Surely, of all the wonders of the world, the horizon is the greatest. — Freya Stark
In smaller, more familiar things, memory weaves her strongest enchantments, holding us at her mercy with some trifle, some echo, a tone of voice, a scent of tar and seaweed on the quay. . . . This surely is the meaning of home—a place where every day is multiplied by all the days before it.” — Freya Stark
It was rare to leave her company without feeling that the world was somehow larger and more promising. Her life was something of a work of art … The books in which she recorded her journeys are seductively original …Nomad and social lioness, ublic servant and private essayist, emotional victim and myth-maker. — Colin Thubron on Freya Stark
It is hard to think of a writer in the travel game who most closely demonstrates the merits of Flaubert’s three rules for good writing: clarity, clarity, and finally clarity. — Sara Wheeler, writing on Freya Stark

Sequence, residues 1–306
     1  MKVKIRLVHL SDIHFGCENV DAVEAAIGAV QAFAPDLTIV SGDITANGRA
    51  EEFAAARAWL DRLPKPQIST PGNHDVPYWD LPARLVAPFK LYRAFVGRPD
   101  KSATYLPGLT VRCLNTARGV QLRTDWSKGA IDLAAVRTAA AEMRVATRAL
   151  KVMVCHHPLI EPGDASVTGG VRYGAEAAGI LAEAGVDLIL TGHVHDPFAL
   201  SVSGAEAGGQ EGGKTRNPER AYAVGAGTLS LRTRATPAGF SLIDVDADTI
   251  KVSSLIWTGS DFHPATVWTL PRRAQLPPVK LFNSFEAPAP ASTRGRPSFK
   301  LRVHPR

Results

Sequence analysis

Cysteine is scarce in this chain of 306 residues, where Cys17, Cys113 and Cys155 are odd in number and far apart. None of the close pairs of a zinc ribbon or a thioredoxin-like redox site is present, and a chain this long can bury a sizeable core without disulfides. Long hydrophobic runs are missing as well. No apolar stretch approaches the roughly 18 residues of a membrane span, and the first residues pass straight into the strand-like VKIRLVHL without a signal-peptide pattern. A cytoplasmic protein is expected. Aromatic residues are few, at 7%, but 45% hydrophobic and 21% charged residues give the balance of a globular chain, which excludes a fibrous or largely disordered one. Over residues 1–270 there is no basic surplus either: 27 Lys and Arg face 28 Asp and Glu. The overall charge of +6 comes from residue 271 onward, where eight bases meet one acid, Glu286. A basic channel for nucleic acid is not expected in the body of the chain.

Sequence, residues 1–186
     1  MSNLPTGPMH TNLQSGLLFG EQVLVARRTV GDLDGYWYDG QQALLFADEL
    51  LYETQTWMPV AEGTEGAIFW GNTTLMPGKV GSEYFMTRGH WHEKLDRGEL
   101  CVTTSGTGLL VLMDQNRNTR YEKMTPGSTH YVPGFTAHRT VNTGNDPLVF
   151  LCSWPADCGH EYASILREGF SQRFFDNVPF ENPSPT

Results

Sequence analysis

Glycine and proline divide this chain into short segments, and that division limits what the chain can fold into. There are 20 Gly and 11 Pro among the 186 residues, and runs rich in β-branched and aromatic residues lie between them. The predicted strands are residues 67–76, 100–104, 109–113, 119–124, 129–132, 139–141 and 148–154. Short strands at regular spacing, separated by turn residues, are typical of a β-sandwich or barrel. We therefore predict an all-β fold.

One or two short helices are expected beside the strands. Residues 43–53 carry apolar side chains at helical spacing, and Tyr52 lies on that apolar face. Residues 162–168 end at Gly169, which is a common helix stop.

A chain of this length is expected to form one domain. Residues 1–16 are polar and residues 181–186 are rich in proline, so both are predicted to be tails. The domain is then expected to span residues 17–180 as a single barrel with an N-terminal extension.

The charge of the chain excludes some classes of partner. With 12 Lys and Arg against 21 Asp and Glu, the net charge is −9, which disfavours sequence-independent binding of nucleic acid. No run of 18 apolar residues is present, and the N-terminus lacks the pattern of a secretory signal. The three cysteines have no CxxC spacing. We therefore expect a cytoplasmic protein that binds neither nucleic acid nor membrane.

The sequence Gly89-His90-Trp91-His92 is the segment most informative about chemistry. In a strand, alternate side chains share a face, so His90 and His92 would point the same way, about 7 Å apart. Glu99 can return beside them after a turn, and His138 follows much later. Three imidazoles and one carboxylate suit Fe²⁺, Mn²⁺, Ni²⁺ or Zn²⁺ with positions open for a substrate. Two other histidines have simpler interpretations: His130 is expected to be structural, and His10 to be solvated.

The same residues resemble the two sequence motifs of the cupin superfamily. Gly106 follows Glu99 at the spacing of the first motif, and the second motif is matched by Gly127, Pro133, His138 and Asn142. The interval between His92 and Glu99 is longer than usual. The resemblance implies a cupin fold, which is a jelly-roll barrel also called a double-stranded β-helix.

It might have been the year 1994 — or was it 1993 — when I heard of Freya Stark for the first time. I do not read travel books much but my ears picked up as I heard that wonderful scholar-entrepreneur friend in Zurich, Uli Albers, talk to my wife, commending Freya’s book on Alexander to her favour. Alexander’s Path was the exact title, the sub-title reading: From Caria to Cilicia. “It is sheer magic,” I recall him saying: “read it and tell me what you think about it.” This was Freya Stark’s account of her third visit to Turkey in which she took the same route which the great Macedonian had taken 22 centuries earlier: ‘through lonely mountains passes, past remote ruins and along the pirate shore where country people respond gladly to informed curiosity’.